Much like the personal computer and digital server, photocopiers have hard drives. Fax machines, too. That's been the case for years. Ever wonder about a machine's capacity to store your document "into memory" before it transmits or copies? We've all seen the reference to "'memory" on the device readout.
The concern, constituting the latest in identity theft news, is what happens when that machine is recycled or resold. Unless configured otherwise, the hard drive associated with the device's memory remains crammed with the image of every document copied or sent via fax, unless someone wipes the drive and purges the images. And if that machine is recycled into a non-secure environment, the contents of that drive can become the basis for identity theft fraud.
To that end, the state of New Jersey is pushing through legislation that would require that the memory/hard drive systems inherent with a photocopier or fax machine be wiped clean, or purged of contents prior to a device being sent to landfill, recycled or resold. Bill A-2975 has been approved by the state assembly and is moving to the Senate.
"Consider all of the highly sensitive information stored on copiers used by both the public and private sector—medical records from a doctor's office, tax information and Social Security numbers from an accountant's office, sensitive police records, you name it," Assemblywoman Linda Greenstein, who sponsored the bill, said in a statement.
"In today's global economy, a copier used in a doctor's office in Trenton could be re-sold to someone in South America, sending thousands of sensitive documents into the realm of the unknown and opening up a Pandora's box of potential fraud cases. We need this legislation and we need it now."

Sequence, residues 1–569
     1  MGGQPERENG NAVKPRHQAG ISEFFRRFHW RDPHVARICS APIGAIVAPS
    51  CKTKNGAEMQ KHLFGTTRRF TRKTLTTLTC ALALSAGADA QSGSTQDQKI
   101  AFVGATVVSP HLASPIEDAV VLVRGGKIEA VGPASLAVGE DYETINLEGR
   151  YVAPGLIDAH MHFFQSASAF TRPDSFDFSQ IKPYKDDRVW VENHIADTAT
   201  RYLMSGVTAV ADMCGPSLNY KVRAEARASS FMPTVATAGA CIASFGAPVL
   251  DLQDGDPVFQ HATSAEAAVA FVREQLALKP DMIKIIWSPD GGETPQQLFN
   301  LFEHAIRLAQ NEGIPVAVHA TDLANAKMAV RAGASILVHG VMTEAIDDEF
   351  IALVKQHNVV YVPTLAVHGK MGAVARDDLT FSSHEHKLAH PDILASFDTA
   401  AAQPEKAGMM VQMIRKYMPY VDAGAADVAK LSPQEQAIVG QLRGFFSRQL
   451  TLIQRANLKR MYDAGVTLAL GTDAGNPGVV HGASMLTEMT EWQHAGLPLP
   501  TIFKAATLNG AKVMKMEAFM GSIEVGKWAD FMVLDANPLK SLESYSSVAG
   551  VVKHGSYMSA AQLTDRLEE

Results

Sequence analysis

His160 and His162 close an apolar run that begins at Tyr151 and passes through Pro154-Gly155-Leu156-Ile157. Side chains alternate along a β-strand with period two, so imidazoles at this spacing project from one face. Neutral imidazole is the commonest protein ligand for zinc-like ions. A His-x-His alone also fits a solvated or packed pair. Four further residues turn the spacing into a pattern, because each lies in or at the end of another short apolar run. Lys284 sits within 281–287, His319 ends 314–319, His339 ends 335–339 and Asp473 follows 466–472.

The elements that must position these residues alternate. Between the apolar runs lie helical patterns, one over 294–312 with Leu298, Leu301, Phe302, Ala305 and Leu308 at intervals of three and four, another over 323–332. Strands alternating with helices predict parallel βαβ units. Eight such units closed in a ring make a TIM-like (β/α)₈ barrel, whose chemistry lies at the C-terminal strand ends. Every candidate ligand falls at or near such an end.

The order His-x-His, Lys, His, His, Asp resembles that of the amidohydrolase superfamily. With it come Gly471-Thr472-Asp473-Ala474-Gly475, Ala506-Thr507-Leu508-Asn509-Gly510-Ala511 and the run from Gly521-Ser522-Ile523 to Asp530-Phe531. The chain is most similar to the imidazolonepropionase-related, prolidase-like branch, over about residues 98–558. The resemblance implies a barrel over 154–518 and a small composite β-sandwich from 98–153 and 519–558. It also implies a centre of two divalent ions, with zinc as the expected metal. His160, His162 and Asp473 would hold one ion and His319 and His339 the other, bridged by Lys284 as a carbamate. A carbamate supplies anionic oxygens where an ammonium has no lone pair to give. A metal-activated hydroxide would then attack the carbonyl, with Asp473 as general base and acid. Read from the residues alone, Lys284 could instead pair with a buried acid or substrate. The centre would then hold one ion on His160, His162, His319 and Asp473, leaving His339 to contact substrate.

It is not known if there is any federal statute, beyond that governing computer hard drives, that covers digital photocopiers or fax machines—devices that could easily foster identity theft fraud if placed into the wrong hands.
Security tech gurus suggest that digital copiers, fax machines or hybrids be configured to require secure passwords, or other security measures prior to use. Data should be encrypted. At the very least, say those in the know, devices should be configured to require the most recent document fed into it, to over-write the previous one. Thus, at the end of the day (and at the end of the machine's life or usefulness) there will be but one digital image that will require scrubbing, to avoid ID theft.
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Thus, it behooves a business, corporation or professional service to be aware of the potential for identity theft fraud and other identity theft scams that could arise from the acquisition of sensitive images stored in a device's memory—and take steps to eradicate all sensitive contents prior to the device moving on to its second life. Failure to do so could result in an identity theft lawsuit. Copy that…